Make No Mistake: Concrete is the Enemy

Statement from Andy Lipkis, Founder and President of TreePeople, calls on Angelenos to rip out concrete and plant trees to capture what rainfall LA gets.

LOS ANGELES, Calif.– TreePeople heard fighting words when news reports showed an anti-tree group calling themselves “Save Our Concrete” holding a protest at a downtown Los Angeles parking lot earlier today.

The truth is that concrete is the enemy of Los Angeles. It is the enemy because, among other reasons, as LA suffers through historic drought, concrete takes away our water. This year to date, even in drought, Los Angeles has received 7.7” of rainfall, nearly all completely wasted.

How? That water – enough to supply 7,320 gallons for each of LA’s 4 million residents — was carried away by concrete driveways, sidewalks, gutter and storm drains straight to our river, beaches and ocean. To add insult, concrete mixed it with pollution along the way.

Concrete must be stopped. Even during drought we can capture what rain does fall, and allow it seep through the soil into our aquifers to bolster local water supplies…or capture it in tanks and use it to keep our trees alive. We urge people to seek out concrete wherever they find it in our city and counteract it with the best solution there is: planting and caring for trees. This is why Save Our Concrete has stated that trees are the enemy. Because they know that once people understand that bringing nature back to cities means we can have more water, cleaner air, and cooler temperatures, the more we’ll want concrete to go.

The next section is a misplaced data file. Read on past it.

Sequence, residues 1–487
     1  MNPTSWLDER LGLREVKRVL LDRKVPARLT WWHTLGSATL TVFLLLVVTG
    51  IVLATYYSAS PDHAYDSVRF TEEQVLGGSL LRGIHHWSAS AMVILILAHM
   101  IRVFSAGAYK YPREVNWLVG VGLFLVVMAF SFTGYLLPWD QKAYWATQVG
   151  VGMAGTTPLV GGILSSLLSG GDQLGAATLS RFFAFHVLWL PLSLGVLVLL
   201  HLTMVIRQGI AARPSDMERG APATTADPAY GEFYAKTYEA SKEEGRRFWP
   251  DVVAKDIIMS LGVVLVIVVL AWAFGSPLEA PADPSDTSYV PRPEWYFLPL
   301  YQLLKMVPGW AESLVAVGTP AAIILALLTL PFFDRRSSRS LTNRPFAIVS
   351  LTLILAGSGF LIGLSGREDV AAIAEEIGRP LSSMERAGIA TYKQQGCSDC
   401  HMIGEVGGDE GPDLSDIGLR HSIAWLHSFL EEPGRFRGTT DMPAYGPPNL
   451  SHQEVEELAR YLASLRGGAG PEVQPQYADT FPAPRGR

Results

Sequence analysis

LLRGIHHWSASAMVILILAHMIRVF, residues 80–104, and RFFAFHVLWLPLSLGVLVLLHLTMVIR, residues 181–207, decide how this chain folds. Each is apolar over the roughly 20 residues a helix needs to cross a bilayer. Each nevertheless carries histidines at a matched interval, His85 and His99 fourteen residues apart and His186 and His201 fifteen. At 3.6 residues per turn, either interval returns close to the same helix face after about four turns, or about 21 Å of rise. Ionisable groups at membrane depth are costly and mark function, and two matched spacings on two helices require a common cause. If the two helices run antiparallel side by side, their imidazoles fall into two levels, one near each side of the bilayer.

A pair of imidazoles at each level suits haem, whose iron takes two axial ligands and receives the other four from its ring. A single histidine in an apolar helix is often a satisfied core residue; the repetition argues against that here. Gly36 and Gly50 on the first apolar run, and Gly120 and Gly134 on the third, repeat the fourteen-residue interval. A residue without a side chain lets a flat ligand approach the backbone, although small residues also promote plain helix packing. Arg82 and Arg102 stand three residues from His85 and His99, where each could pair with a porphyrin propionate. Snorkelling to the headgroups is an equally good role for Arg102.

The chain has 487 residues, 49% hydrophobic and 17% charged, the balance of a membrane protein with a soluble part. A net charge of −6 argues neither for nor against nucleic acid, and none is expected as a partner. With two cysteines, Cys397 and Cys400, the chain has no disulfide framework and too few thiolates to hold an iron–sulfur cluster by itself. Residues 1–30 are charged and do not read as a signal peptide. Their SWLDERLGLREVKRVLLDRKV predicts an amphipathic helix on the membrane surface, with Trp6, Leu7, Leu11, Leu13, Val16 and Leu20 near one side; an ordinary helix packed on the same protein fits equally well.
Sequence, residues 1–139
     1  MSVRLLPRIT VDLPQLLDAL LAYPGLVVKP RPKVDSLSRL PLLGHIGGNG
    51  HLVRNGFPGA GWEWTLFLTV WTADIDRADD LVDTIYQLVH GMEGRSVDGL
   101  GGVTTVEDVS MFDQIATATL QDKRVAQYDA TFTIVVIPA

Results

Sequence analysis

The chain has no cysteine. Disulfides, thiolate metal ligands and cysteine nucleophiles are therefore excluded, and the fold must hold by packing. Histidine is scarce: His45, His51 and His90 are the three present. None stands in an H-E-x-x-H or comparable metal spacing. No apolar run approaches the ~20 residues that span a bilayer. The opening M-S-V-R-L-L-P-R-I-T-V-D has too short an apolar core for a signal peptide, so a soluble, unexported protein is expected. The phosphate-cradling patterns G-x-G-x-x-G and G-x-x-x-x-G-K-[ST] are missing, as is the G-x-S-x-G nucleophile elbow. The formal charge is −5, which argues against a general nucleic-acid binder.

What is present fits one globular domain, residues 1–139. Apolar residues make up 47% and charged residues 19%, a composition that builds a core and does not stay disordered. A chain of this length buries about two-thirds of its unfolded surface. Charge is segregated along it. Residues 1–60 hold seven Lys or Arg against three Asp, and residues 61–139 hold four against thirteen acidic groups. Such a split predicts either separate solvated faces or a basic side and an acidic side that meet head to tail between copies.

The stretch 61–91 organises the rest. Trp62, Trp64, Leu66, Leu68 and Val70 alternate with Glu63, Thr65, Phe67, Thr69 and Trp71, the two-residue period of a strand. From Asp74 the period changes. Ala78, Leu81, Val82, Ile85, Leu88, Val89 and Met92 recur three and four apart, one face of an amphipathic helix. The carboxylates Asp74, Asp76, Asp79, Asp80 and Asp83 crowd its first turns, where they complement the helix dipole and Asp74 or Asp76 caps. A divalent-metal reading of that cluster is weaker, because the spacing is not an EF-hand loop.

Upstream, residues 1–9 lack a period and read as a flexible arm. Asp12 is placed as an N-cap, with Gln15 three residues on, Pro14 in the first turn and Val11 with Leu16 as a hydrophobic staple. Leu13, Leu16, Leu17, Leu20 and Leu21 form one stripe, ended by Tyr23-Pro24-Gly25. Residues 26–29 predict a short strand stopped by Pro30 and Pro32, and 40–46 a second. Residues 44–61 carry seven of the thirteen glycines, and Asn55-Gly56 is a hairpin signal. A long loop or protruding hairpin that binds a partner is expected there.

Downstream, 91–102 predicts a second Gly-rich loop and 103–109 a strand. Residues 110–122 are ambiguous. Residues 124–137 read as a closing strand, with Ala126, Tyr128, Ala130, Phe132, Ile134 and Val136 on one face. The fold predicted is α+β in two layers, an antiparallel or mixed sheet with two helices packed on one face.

Trees are a big solution for our water crisis. They capture, clean and store water in their root zones. In this fourth year of drought, you decide. I hope you’ll agree that un-paving paradise makes sense, even if it means losing some parking lots.

You too can make a difference. Pledge your support and take action now!



By Andy Lipkis

Andy Lipkis is a practical visionary who has dedicated his life to healing the environment while improving the lives of individuals and communities. He founded TreePeople in Los Angeles in 1973 at age 18 and continues to serve as its President. Andy has spearheaded an approach using trees and forest-inspired technologies to make cities sustainable while mitigating floods, drought, pollution, and climate change. Called “Functioning Community Forests,” it is being demonstrated in L.A. as a model for cities everywhere.